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All matter of pop: Abel Raise The Cain & Music By KOTA reviewed

Abel Raise The Cain Music By KOTA reviewed

Music By KOTA – Lucy

If you know anything about our site, you might have remarked a tendency to be smartasses. It’s the curse of the music critic to believe that they know more about music than the musicians themselves. Often it is not true, but just like miners toiling away in the darkness, critics secretly believe that the world belongs to them. 

Once in a while, we have to leave all jokes aside and simply salute the quality of the playing of a rock band in fine form. We’re doing that today for Music By KOTA’s Lucy, a pastiche of bluesy rock and 60s songwriting. 

Everything about this tune feels classic, but not old and musky. The vocals reverb laced as they float perfectly and effortlessly through the mix. The power trio adds just the right amount of blues-tinged rock to proceedings. All this aside, they’ve created a very good, classic-sounding single. 

Abel Raise The Cain – Baptism Of Fire

Not many songs make me belly laugh. This one did, and I’m glad for it. The Springsteen-song turned band name Abel Raise The Cain’ Baptism Of Fire is an electro alt-rock tune looking to cause trouble.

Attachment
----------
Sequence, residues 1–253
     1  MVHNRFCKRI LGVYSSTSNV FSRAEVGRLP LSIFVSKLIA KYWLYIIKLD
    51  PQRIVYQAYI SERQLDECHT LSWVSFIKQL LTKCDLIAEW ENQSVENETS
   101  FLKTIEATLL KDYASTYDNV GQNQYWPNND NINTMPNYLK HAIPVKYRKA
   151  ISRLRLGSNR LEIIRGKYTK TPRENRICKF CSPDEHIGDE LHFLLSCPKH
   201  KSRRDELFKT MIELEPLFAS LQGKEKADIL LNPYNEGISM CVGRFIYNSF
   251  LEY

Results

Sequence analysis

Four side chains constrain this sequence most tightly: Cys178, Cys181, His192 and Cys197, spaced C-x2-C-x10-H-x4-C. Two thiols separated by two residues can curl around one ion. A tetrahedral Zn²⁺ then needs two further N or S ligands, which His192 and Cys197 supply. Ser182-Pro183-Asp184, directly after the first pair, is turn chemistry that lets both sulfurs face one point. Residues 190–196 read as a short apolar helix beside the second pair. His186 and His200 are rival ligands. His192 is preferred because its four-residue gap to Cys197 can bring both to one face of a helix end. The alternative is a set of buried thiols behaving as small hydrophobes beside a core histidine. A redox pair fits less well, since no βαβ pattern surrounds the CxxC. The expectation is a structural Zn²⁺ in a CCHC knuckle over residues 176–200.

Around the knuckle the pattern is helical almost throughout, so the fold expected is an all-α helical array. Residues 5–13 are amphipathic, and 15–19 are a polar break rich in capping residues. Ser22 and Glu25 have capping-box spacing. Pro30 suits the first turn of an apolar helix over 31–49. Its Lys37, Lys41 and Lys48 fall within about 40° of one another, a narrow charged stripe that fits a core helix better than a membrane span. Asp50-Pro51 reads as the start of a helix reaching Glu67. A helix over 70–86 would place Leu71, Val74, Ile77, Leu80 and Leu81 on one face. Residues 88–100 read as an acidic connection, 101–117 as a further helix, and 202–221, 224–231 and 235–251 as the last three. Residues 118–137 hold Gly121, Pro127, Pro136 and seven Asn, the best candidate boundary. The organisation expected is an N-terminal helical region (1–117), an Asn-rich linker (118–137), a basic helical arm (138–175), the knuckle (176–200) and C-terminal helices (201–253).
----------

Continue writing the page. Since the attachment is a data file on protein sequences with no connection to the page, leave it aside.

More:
The tune is loosely tied in with the image and stories about Charles Manson, one of the most notorious characters in American popular culture. Given the murders of Sharon Tate, and the fame the event still holds, it’s fair to say that, whether Manson was involved directly in them, choosing to feature him in the guise of numerous postage stamps as the artwork for your single is in pretty bad taste. 

Well, we like bad taste. Much like Manson’s own musical work, this one is kind of hard to pin down. Unlike the hippie-folk that informed Manson’s work, Baptism Of Fire is a pop-industrial tune with similarly vague, difficult to make out lyrics. Maybe it’s time that America made peace with its past. Perhaps this song will help, maybe it won’t. Still, no doubt, cult leaders make good subjects for television interviews and rock songs. What’s shocking anymore, though?

About author

Eduard Banulescu is a writer, blogger, and musician. As a content writer, Eduard has contributed to numerous websites and publications, including FootballCoin, Play2Earn, BeIN Crypto, Business2Community, NapoliSerieA, Extra Time Talk, Nitrogen Sports, Bavarian FootballWorks, etc. He has written a book about Nirvana, hosts a music podcasts, and writes weekly content about some of the best, new and old, alternative musicians. Eduard also runs and acts as editor-in-chief of the alternative rock music website Mr. Banulescu is also a musician, having played and recorded in various bands and as a solo artist.
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